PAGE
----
On Our Written Constitution


Courtesy of gettyimages/New York Times Co.

“I am opposed to the practice of a legislative deception. It is better to proceed with candor…My oath was not to take a chance on the Constitution. It was to support it…We have had too much legislating by clamor, by tumult, by pressure. Representative government ceases when outside influence of any kind is substituted for the judgment of the representative. This does not mean that the opinion of constituents is to be ignored. It is to be weighed most carefully, for the representative must represent, but his oath provides that it must be ‘faithfully and impartially to the best of his abilities and understanding, agreeably to the rules and regulations of the Constitution and laws.’ Opinions and instructions do not outmatch the Constitution. Against it they are void…There can be no constitutional instruction to do an unconstitutional act” — Governor Calvin Coolidge, excerpt of veto message, May 6, 1920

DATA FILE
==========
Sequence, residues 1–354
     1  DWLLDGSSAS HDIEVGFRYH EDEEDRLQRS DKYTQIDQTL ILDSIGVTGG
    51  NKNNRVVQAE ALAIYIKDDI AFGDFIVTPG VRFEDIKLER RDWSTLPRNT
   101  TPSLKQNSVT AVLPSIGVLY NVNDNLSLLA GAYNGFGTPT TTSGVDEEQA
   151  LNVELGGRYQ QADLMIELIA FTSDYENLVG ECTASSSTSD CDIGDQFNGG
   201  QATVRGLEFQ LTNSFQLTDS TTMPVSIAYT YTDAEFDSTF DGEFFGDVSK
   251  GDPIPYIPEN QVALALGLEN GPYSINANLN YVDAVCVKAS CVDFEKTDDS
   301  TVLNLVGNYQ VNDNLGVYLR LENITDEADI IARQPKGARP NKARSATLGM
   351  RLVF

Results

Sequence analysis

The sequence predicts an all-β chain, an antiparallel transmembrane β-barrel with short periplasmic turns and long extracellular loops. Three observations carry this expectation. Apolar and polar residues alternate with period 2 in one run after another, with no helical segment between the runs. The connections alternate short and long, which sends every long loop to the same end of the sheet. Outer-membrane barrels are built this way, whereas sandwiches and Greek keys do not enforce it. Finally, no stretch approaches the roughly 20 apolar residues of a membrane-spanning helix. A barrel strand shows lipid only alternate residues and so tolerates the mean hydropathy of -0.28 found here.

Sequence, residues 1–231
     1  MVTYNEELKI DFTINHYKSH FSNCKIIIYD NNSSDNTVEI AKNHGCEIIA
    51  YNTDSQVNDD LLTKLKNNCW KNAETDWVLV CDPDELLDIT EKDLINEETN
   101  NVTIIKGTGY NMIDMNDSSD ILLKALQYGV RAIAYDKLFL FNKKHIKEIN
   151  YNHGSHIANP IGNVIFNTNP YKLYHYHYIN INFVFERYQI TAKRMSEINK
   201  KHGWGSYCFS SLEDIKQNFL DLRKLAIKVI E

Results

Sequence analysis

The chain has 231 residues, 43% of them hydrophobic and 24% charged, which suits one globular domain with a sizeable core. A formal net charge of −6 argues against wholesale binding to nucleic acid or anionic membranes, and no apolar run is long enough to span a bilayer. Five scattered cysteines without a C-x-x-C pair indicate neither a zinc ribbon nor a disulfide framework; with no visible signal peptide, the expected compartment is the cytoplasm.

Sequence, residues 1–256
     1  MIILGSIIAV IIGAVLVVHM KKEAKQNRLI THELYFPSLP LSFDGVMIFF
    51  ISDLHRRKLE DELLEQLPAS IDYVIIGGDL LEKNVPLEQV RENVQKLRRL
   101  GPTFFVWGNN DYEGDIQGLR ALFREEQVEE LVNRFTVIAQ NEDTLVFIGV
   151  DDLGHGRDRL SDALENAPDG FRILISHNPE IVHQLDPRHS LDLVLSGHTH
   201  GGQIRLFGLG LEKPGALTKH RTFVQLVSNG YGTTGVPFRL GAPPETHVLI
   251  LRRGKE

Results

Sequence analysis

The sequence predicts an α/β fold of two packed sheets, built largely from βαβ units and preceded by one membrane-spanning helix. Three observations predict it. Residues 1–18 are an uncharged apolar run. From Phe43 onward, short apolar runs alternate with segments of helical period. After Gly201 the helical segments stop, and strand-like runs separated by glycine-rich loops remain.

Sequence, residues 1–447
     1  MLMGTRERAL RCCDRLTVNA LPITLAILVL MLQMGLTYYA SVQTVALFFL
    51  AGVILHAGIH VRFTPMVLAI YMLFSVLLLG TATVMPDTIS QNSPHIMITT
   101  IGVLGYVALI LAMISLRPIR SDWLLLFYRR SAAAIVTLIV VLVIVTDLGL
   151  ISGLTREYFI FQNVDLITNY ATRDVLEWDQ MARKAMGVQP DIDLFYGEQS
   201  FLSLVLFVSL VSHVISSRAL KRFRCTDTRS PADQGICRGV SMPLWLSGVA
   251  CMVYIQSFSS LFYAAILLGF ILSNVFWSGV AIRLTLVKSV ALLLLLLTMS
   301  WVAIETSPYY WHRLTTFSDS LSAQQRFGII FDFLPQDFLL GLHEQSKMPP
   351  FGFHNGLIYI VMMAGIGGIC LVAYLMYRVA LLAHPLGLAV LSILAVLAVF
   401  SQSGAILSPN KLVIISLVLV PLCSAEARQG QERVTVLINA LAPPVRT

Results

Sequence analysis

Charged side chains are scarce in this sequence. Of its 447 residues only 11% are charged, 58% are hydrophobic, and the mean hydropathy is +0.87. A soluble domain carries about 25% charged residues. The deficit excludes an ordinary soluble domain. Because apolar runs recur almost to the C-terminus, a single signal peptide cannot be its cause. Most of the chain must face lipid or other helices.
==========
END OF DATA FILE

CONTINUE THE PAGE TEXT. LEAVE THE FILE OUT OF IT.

Yesterday was Constitution Day. May it not pass this year as yet another burden on our calendar to reflect on the treasure a written Constitution has been. It provided things into which great men longed to look. Thrusting it aside so casually speaks not to our advancement but to our wholesale regression: necks offered to others to complacency wear the yoke over far more than the grievances that compelled the Declaration. Given an excellent opportunity to choose life over death, blessing over cursing, we stand at the place where a birthright is worth no more than lentils. Just as it was for Esau, there will be no instantly retrievable “do-over” once it is given away.

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